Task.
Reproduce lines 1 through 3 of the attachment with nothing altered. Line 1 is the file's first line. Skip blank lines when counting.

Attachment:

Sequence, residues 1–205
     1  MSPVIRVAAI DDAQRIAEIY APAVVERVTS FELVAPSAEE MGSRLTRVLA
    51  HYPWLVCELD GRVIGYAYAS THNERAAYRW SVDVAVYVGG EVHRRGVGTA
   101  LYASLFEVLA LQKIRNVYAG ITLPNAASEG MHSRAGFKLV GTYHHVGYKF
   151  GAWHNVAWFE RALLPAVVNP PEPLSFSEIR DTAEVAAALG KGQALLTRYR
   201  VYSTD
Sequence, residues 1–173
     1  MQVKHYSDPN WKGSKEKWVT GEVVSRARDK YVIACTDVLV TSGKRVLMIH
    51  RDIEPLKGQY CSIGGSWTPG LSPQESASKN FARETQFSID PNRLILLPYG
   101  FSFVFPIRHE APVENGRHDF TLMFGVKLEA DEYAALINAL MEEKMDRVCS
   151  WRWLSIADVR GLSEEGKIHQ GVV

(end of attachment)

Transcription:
Sequence, residues 1–205
     1  MSPVIRVAAI DDAQRIAEIY APAVVERVTS FELVAPSAEE MGSRLTRVLA
    51  HYPWLVCELD GRVIGYAYAS THNERAAYRW SVDVAVYVGG EVHRRGVGTA